The levels are what matter, not the class. A character of X level is expected to be able to fight against a concept of X level. Whether it be a magic user or a really powerful warrior, the concept of their level should reflect their abilities, and their abilities should reflect the types of challenges they’re expected to fight.
    Last edited by AntiAuthority; 2019-10-24 at 10:06 AM.

  25. - Top - End - #115
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    Default Re: Critiquing the "Guy At The Gym" Fallacy

    Well, in that case I give you HELLBOY!!

    Hellboy is a martial character who defeats God-level multi-dimensional conquerors. Generally speaking, he does so with a sword, a large pool of hitpoints, and sarcasm. Sure, he has a few other things going for him, but by and large, that's the game: Fighter vs Universe.

    I'm generally speaking against taking imaginary concept A and comparing it to imaginary concept B. The question of ... who is stronger, the Hulk or Superman, or whether Dumbledore or Dr. Strange, or IronMan or .. is it Cable? The answer is no.

    These are all narrative constructs, and the strenghts of the super villain are tailored to the strenghts of the hero. It all takes place inside a universe designed to fit itself - not the one three doors over.

    Who is stronger, Hellboy or Thanos? The answer is no.

    And a fighter can win against a high level wizard, if you do it right. It takes some oil for the squeaky hinges, but it's not impossible, or even implausible.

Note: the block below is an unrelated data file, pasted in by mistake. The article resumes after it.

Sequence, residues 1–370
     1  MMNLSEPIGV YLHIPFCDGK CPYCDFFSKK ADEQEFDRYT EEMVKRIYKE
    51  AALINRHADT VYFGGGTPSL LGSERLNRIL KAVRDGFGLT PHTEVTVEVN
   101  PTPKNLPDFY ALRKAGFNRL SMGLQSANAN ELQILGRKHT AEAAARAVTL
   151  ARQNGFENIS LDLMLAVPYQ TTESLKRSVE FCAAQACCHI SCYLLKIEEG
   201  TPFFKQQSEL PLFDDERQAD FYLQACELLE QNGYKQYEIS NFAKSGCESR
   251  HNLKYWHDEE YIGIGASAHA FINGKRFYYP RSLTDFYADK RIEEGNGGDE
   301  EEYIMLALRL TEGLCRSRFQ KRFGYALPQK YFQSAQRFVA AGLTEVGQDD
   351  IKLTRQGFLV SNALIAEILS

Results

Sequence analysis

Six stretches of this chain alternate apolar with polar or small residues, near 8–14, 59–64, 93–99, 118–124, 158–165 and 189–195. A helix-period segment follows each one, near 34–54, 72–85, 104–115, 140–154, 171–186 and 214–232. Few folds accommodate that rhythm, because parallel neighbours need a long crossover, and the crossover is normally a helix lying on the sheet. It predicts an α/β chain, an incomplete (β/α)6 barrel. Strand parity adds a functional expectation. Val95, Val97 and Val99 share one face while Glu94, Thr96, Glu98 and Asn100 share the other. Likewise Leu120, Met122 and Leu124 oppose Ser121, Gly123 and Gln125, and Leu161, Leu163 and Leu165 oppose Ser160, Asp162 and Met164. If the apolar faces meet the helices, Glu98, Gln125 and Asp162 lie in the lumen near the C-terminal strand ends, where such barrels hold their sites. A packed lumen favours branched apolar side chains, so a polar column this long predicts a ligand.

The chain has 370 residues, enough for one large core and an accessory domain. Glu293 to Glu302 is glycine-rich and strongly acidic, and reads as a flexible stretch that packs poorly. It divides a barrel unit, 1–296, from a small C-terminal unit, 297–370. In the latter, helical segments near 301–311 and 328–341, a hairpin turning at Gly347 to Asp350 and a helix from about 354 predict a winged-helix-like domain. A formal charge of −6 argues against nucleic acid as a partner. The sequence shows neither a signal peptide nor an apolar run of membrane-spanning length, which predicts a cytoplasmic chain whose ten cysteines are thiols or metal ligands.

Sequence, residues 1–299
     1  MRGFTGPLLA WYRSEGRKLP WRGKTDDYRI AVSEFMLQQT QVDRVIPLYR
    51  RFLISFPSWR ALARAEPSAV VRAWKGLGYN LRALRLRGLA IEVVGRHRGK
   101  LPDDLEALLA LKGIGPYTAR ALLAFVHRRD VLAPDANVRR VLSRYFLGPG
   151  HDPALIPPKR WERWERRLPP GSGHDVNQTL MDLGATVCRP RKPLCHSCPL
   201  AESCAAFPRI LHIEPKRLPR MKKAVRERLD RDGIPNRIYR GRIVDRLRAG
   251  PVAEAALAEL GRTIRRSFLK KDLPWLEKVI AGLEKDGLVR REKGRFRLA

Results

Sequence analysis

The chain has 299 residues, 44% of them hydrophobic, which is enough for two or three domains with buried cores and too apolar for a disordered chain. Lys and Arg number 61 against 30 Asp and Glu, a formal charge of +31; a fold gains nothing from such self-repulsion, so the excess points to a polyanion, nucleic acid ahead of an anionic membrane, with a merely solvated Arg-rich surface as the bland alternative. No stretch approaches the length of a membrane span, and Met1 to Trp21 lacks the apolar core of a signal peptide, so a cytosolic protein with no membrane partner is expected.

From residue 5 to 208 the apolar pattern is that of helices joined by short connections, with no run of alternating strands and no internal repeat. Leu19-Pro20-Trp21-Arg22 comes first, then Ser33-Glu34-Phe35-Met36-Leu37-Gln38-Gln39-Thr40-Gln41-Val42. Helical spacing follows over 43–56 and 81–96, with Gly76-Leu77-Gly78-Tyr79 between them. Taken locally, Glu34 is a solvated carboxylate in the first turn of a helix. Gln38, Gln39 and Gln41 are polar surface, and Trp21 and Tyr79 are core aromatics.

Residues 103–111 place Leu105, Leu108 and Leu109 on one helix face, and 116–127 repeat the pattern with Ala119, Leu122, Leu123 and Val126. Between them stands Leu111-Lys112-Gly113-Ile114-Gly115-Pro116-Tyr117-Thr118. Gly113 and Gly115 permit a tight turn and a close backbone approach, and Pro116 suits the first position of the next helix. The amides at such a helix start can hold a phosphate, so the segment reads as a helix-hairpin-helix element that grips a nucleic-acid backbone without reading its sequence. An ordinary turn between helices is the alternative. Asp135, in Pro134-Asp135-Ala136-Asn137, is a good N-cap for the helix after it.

26. - Top - End - #116
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    Quote Originally Posted by AntiAuthority View Post
    Spoiler: for space / easy of reading
    Show

    Hm, I may not have been getting my point across in regards to levels. Such as playing a low level character concept with a high level character, and the issues it could cause. Instead of using a martial for this example, I’ll use two well-known casters to show it.

    If you tried swapping these two characters, who are of different levels, it should become clear what type of issues could arise from putting them in stories they’re under leveled/over leveled for but insisting that they can do it. It’s not a perfect fit, as D&D won’t fit perfectly with anything, but I feel it should get my point across. I’ll be listing their spells and the types of challenges they face and explain why they’re X level concept.